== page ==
1 Kings 2:13-27  Click here for Bible Verses

Hi GAMErs,

There are many lessons we can learn from today’s passage, 1 Kings 2:13-27.  Let’s go!

1 Kings 2:17 (NIV) 
17 So he continued, “Please ask King Solomon–he will not refuse you–to give me Abishag the Shunammite as my wife.” 

On verses 13-18:  Here Adonijah goes to Bathsheba the king’s mother with a request: he asks for Abishag the Shunammite as his wife.  Why?  It’s not because Adonijah was in love with Abishag, as beautiful as she was.  Rather it was a political move.  Remember that Abishag was effectively David’s last concubine.  Abishag lived with David, took care of David, slept in the same bed as David, though she never had sexual relations with David (see 1 Kings 1:3-4). Back in David’s time, whoever controlled the king’s harem was viewed as controlling the kingdom.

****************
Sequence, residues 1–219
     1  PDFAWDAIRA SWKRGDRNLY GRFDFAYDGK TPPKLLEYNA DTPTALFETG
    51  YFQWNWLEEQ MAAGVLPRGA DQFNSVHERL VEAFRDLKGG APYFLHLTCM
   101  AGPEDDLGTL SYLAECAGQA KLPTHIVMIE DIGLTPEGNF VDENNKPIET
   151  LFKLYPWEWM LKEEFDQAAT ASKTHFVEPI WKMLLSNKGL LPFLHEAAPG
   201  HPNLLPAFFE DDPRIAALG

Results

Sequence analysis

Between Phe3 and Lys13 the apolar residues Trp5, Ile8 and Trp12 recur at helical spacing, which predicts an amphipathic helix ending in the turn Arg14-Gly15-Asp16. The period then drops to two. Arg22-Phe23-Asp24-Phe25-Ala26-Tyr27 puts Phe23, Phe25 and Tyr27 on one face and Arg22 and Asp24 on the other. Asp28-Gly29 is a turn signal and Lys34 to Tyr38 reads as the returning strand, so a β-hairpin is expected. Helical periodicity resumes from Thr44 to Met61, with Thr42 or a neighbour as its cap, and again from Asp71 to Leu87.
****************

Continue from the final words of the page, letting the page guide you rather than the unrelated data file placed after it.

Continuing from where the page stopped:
That’s why back in 2 Samuel 16:22, when Absalom sets himself up as king in place of David, Absalom’s first move was to sleep with all of David’s concubines in public.  It was his way showing he had control over the kingdom.

That’s also why Solomon in verse 22 responds to Adonijah’s request, saying, “You might as well request the kingdom!”  It’s because the smooth-talking Adonijah was looking to wrest control of the kingdom out of Solomon’s hands by taking David’s last concubine as his wife.  I could just imagine that if Adonijah had been successful at marrying Abishag, he could announce to everyone: “Do you know what Abishag told me?  She said that David’s wish had always been to give the kingdom to Adonijah.” Requesting Abishag as his wife was yet another attempt by Adonijah to seize the throne.

What can we learn from this?  Just as Adonijah wanted to bind Abishag to him as his wife, our enemy Satan fights so hard to capture and bind people today.  It’s because we are the bride of Christ, and if Satan can get us, he’s one huge step closer to getting the kingdom.  So be on guard against Satan’s underhanded tactics in your life.  Praise God that we belong to Jesus and that we are safe in His hands.